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Saugus' Jacob Dawe: Too big to fail

Saugus senior living up to his potential this season

Posted: January 28, 2013 1:55 a.m.
Updated: January 28, 2013 1:55 a.m.

A vote of confidence played a key role in helping Saugus senior Jacob Dawe develop into one of the top defenders in the Foothill League this season.

 

The coaching staff at Saugus just kept waiting for it to happen.

There he was, well over 6 feet tall by the time was a freshman in high school. He came from an athletic and supportive family. He was a hard worker, had good grades, the whole kit and caboodle.

Saugus senior Jacob Dawe had the perfect makeup of a good basketball player all along, and his coaches knew it was only a matter of time before he proved them right.

“I knew it was going to pay off eventually,” Dawe says of working his way up the ranks of the Saugus program. “I knew with everything, even if it’s not immediate payoff, it’s going to be a bigger payoff in the end.”

Now standing at 6-foot-7 and regularly starting as a forward/center on varsity for the first time, Dawe has flourished into a shutdown defender and an inside scoring threat on offense.

His sudden ascension as a player came at a perfect time for Saugus, which was in dire need of a dominant big man coming into the season after the graduation of starting forwards Matt Coleman and Mitch Davis.

Though Dawe played varsity last year after stints on the freshman and JV teams the two years before, he rarely made it on the court.

He finished with just 20 points as junior after playing in 17 of Saugus’ 27 games. But toward the end of the season, something started to click.

“The last 11 months, he’s just completely changed as a person,” says Saugus head coach Derek Ballard.

After a year of battling in the post with teammates in practice, Dawe began to battle back.

He started to learn how to stand his ground against two of the more aggressive post players in Coleman and Davis.

Beyond that, Dawe attributed a big portion of his success to a simple vote of confidence he received from Ballard and the rest of the coaching staff.

Knowing they would need a replacement big man, the coaches approached Dawe said, “‘We need you to step up. We need you to be the center of the team,’” Dawe recalls.

Those few, simple words changed his outlook as a player.

Dawe went in the offseason and went to work. He lifted weights and improved his footwork and agility. Slowly but surely, he started to believe in himself as a dominant defender.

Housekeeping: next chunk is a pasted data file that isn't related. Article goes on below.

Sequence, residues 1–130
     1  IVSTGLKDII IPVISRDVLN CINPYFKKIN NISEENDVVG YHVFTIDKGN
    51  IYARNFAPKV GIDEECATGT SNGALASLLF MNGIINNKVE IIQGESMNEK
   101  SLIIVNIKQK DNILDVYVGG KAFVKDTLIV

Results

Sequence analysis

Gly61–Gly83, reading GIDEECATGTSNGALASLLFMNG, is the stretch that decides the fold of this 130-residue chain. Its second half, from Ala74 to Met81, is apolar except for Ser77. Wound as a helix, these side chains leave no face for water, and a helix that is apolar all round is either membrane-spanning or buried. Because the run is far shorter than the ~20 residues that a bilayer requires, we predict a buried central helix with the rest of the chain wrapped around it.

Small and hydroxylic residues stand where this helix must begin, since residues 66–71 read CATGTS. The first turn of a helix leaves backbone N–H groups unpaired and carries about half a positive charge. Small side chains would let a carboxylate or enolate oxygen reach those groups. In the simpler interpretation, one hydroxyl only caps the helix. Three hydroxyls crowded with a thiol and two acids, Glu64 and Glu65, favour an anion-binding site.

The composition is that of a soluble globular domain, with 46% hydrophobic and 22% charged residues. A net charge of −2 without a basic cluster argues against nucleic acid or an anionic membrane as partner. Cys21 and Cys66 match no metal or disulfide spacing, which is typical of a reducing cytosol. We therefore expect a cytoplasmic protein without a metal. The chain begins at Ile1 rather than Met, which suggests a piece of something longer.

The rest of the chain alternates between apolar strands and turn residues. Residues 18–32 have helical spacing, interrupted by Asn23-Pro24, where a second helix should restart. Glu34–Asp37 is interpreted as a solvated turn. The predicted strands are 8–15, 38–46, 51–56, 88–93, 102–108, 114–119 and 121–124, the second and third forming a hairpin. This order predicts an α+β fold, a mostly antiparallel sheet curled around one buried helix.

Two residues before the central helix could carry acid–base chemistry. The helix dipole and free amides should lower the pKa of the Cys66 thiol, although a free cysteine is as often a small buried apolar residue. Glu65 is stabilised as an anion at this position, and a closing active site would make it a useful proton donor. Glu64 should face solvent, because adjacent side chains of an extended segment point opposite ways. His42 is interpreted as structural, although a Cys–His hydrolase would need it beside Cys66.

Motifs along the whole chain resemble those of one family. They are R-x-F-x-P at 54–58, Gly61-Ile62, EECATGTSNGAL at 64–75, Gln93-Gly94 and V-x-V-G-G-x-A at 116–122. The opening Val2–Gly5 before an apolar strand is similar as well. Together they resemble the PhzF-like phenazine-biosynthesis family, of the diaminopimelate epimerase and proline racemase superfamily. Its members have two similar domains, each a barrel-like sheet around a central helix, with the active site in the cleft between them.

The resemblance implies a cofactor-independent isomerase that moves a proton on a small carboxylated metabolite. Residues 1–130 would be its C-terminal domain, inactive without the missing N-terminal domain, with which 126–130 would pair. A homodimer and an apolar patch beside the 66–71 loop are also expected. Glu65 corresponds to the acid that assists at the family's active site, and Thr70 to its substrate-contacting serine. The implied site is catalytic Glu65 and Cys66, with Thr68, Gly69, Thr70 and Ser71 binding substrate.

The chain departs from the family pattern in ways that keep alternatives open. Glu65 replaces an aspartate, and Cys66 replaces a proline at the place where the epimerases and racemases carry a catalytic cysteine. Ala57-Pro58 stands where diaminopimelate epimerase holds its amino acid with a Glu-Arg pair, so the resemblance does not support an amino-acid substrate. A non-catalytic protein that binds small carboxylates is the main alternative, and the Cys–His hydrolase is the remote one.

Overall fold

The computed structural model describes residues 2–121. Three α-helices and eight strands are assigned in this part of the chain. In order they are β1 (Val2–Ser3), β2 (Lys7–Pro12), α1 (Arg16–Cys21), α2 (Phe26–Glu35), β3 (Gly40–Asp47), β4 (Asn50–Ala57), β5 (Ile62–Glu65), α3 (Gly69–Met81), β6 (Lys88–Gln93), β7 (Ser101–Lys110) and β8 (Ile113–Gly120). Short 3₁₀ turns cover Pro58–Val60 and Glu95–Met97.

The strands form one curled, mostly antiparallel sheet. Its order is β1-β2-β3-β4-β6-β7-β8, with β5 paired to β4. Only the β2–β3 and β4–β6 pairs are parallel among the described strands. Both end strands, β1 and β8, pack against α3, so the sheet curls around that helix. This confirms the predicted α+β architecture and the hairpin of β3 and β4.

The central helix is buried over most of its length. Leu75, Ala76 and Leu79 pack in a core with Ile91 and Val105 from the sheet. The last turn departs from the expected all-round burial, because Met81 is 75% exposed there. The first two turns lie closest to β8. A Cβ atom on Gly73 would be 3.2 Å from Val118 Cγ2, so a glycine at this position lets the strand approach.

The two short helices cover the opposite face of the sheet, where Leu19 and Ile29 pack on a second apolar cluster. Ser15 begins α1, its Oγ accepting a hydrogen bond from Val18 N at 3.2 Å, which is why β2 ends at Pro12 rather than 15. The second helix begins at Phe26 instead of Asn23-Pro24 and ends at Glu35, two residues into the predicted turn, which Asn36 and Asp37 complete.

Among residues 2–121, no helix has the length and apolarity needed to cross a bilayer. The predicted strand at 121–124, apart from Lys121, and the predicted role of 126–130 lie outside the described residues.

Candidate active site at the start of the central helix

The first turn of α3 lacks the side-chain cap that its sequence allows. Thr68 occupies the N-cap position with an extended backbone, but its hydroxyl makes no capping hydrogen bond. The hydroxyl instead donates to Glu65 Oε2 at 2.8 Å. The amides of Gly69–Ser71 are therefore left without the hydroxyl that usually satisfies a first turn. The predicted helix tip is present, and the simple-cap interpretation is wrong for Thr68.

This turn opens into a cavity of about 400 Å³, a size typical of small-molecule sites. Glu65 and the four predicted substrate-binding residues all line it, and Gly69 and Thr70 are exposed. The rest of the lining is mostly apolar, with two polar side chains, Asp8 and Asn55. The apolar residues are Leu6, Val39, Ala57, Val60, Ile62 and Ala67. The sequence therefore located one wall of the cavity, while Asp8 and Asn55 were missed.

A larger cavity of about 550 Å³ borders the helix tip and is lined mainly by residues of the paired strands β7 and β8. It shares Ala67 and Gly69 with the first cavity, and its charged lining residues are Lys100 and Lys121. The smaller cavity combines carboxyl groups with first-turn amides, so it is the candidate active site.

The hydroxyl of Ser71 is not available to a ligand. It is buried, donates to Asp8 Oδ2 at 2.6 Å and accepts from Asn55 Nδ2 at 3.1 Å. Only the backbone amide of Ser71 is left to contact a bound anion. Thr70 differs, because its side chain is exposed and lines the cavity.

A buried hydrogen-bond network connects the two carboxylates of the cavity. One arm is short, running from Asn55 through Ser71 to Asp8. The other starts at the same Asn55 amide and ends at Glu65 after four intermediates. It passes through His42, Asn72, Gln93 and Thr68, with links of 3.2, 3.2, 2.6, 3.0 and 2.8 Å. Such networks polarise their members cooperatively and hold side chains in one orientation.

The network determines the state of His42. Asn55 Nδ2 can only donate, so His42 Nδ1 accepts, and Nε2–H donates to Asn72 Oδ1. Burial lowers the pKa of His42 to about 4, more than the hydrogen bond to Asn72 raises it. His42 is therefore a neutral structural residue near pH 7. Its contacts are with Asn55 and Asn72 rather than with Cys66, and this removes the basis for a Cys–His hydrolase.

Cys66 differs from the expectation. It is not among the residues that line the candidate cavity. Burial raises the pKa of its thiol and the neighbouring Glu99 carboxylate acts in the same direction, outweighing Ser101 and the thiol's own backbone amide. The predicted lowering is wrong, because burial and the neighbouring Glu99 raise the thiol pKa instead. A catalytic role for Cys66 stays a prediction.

“I’ll admit I wasn’t the greatest basketball player for the past few years,” Dawe says. “I was always big, but I never really played big. I never really used my size to affect my game and this year I’ve finally been able to do that.”

The numbers support that. He’s averaging nearly two blocks per game this season — more than his average in points last season — and he’s pulling down 7.7 rebounds per contest.

Both of those numbers fail to do his play justice, Ballard says.

“What he does is not recorded in stats because he changes a lot of shots,” Ballard says. “When guys drive in there, his range, he gets his hands in there.”

An improved offensive game has also helped Dawe score roughly seven points per game so far this season.

Since the start of Foothill League play at the beginning of the month, he’s stepped his play up a level.

His best performance may have been on a Jan. 15 loss to West Ranch.

Dawe was assigned to defend 6-foot-7 power forward Ako Kaluna, who is one of the top scorers and most difficult-to-defend players in league.

Kaluna was limited to 12 points in the game, eight of which came in the final minutes when West Ranch was well ahead and the game was out of hand.

“I loved playing defense that game against West Ranch,” Dawe says. “That was probably one of my favorite games to play. I just love being matched up against the better players.”

And if that doesn’t say enough about how much better he’s gotten from one season to the next, maybe the fact that he’s received two offers to play college ball will.

Dawe said he could play at California Lutheran or Willamette University in Oregon, but will wait to make a decision.

As for the Saugus coaches hoping for his potential to turn into reality?

It seems the wait is over.

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